Thursday morning brought the devastating news that Paul McGinley and Irish golf fans had been fearing. Rory McIlroy, by far the biggest name in Irish golf and one of the biggest draws in world golf, would not be teeing it up at Lahinch this July.
Having taken the floundering event under his wing in 2015, McIlroy’s influence and support orchestrated the revival of the Irish Open to the extent that the European Tour made it one of the elite Rolex Series stops in 2017. That year, Jon Rahm’s victory at Portstewart earned him more than triple the prize-money that Mikko Ilonen received for topping the leaderboard at Fota Island in 2014.
However, in spite of increased purses, the Rolex series has failed to have the impact the European Tour hoped, and last year’s event at Ballyliffin featured the weakest field (by OWGR rankings) of any Irish Open since McIlroy took the reins. The absence of Ireland’s [current] top ranked player, makes it likely that this year’s staging will feature a field that’s weaker again.
Whilst there can be little doubting the part played by McIlroy in securing the Irish Open’s status as one of the marquee events on the European Tour, does he still owe anything to the event or the people of Ireland? Probably not. But does that mean that we can’t be disappointed by his choice to skip the event? Probably not either.
Once the dominant player in the game and the perceived heir to Tiger Woods’ throne, the Holywood man has not produced his best form on golf’s biggest stages for quite some time. A desire to return to the pinnacle of the sport was reported to be the main reason behind McIlroy’s decision not to re-join the European Tour, with a preference to tee it up the week before a major the main reason that the Scottish Open is preferred over the Irish.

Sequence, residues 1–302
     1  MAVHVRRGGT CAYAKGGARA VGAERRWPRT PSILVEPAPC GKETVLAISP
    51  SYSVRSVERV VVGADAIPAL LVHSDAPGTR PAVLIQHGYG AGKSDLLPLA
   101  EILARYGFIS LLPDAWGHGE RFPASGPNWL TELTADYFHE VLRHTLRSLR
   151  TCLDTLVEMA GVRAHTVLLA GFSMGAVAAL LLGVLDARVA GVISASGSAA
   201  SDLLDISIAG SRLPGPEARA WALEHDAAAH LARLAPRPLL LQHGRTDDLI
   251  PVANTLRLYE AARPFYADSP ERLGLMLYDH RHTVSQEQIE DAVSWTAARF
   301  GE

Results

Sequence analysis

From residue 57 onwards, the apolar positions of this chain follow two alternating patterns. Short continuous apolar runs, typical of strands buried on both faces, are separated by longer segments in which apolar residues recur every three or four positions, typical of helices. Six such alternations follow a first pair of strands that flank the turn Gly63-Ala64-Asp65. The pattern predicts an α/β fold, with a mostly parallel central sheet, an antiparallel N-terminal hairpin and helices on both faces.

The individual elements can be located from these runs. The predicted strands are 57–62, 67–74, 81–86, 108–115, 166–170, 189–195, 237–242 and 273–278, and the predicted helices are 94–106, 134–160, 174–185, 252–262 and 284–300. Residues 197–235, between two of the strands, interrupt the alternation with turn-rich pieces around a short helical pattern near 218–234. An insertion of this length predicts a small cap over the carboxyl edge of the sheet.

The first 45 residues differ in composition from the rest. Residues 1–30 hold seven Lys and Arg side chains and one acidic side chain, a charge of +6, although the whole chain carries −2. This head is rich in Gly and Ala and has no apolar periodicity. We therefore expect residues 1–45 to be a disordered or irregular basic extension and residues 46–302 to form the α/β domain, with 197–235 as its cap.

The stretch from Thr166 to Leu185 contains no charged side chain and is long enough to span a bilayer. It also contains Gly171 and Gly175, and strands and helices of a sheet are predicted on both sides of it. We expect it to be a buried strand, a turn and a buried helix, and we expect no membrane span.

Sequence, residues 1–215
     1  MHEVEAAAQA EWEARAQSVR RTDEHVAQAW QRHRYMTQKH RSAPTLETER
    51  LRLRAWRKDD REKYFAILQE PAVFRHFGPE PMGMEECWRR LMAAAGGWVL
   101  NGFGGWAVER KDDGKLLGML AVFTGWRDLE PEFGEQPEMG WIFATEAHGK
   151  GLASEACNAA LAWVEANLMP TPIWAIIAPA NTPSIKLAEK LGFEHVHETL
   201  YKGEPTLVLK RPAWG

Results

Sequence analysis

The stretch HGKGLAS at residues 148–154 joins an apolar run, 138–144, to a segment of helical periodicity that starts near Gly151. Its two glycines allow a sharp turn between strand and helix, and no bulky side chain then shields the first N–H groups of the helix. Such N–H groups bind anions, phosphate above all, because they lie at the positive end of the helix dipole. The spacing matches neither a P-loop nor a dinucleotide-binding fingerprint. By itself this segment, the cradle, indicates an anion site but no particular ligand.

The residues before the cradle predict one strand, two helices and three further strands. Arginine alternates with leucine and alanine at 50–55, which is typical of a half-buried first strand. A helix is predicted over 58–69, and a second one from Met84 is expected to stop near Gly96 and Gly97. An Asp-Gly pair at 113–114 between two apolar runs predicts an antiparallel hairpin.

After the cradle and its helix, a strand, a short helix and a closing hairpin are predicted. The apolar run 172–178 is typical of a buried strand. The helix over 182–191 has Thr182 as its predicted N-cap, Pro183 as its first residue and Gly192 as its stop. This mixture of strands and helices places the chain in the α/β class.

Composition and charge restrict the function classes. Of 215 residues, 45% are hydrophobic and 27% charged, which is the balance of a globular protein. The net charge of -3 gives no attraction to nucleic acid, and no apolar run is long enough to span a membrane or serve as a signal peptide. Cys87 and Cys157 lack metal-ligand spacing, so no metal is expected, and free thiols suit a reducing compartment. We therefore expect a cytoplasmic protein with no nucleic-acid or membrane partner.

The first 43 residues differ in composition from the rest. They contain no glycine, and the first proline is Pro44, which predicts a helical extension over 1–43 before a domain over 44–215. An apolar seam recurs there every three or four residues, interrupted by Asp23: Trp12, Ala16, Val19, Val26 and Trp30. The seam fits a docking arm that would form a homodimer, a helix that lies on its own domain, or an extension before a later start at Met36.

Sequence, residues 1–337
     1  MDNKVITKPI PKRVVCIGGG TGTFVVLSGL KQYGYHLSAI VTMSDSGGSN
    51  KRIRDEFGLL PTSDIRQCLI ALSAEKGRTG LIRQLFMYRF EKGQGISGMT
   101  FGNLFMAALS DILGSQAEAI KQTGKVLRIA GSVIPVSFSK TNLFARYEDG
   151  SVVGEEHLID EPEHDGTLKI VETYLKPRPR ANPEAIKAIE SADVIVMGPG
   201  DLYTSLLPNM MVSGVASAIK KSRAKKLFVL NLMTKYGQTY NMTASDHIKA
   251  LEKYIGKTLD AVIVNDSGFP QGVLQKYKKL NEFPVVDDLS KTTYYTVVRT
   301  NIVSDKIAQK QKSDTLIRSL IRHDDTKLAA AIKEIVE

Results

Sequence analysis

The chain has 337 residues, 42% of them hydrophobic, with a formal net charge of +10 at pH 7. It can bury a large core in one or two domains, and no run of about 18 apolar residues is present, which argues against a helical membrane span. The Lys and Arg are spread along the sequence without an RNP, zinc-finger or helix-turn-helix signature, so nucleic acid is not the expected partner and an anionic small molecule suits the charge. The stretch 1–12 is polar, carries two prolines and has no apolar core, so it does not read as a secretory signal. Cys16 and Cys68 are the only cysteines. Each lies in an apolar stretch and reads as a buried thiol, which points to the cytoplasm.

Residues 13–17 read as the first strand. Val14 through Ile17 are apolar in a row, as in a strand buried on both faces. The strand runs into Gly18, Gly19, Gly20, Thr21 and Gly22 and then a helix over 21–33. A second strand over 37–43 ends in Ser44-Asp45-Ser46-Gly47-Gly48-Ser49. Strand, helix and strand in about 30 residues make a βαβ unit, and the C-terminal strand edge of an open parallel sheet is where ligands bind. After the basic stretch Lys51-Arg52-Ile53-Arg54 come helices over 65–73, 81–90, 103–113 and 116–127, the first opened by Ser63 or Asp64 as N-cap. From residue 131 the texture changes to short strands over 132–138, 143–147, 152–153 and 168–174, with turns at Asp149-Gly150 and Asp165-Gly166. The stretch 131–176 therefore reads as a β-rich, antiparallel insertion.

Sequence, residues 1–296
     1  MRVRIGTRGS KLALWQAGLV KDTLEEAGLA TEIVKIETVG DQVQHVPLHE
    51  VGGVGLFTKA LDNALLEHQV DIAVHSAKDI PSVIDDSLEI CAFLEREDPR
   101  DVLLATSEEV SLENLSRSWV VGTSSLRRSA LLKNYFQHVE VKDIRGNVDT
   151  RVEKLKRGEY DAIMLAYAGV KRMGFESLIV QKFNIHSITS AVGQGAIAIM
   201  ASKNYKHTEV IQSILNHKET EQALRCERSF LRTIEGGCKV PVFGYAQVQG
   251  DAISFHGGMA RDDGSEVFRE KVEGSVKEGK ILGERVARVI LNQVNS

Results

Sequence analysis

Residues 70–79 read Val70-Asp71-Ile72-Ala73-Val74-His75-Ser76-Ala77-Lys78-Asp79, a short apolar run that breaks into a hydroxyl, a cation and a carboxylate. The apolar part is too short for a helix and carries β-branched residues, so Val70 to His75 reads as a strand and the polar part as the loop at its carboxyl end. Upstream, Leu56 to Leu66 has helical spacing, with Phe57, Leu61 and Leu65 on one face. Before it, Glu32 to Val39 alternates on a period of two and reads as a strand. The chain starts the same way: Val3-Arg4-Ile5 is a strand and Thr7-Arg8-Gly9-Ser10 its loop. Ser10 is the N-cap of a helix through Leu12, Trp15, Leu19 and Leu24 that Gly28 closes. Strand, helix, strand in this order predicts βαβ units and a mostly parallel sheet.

But is there more to this? Is it possible that McIlroy has fallen out with the European Tour, with the Irish Open suffering collateral damage as a result?
Back in early 2018, McIlroy met with Keith Pelley – the CEO of the European Tour – with a view to swapping the Irish and Scottish Opens for 2019, with the Open Championship being held on the shores for the first time since 1951. For one reason or another, McIlroy’s pleas came to no fruition and the Irish and Scottish Opens held their respective calendar slots.
Fast forward several months, and McIlroy hints that he is considering giving up his European Tour card for 2019, later describing the European Tour as a stepping stone to the PGA Tour. With bigger prize-money and stronger fields, he is right of course, but as ever with Rory, the question was, “did it need to be said?”
Between his initial hint that he may forego European Tour membership and the controversial “stepping stone” press conference, Pelley flew to Northern Ireland to meet the four-time major winner in an attempt to persuade McIlroy to re-join the tour. A meeting that seemingly didn’t go well for the man tasked with building the status of the PGA tour’s poor cousin.
McIlroy’s European Tour membership status is unlikely to cost many Irish golf fans a night’s sleep, but his absence from the national open is a different story. With its proximity to the Open Championship, the Scottish Open is always going to attract a quality field, but it’s events like the Irish Open that will determine the success or failure of the European Tour’s Rolex sponsored initiative.
And by boycotting – a harsh term, admittedly – his home open, McIlroy is sending a clear statement to the European Tour and to the sponsors behind it.
Of course, this could all be dismissed as nonsense given Rory’s admission that his best results in majors have come when teeing it up the week before – a formula that he wished to revisit this year, deeming the Scottish Open a must and the Irish Open surplus to requirements.
However, a quick glance at his schedule reveals that McIlroy will not compete the week before the Masters, having committed to the WGC match-play the week previous. He has hinted that he may play the British Masters the week before the US PGA, which would put the Wells Fargo Championship at Quail Hollow a fortnight before the PGA in doubt. And for the season’s penultimate major, the skip a week, play a week, play a major formula would see him miss Jack Nicklaus’ Memorial Tournament, and play the Canadian Open in Hamilton, Ontario, before heading to Pebble Beach.
Maybe Rory re-joins the European Tour in May and I be proved guilty of miscalculating two plus two, or maybe he doesn’t and forfeits (as the rules currently stand) his prospects of future Ryder Cup captaincy.
Either way, the Irish Open suffers this year.
I’m disappointed by that.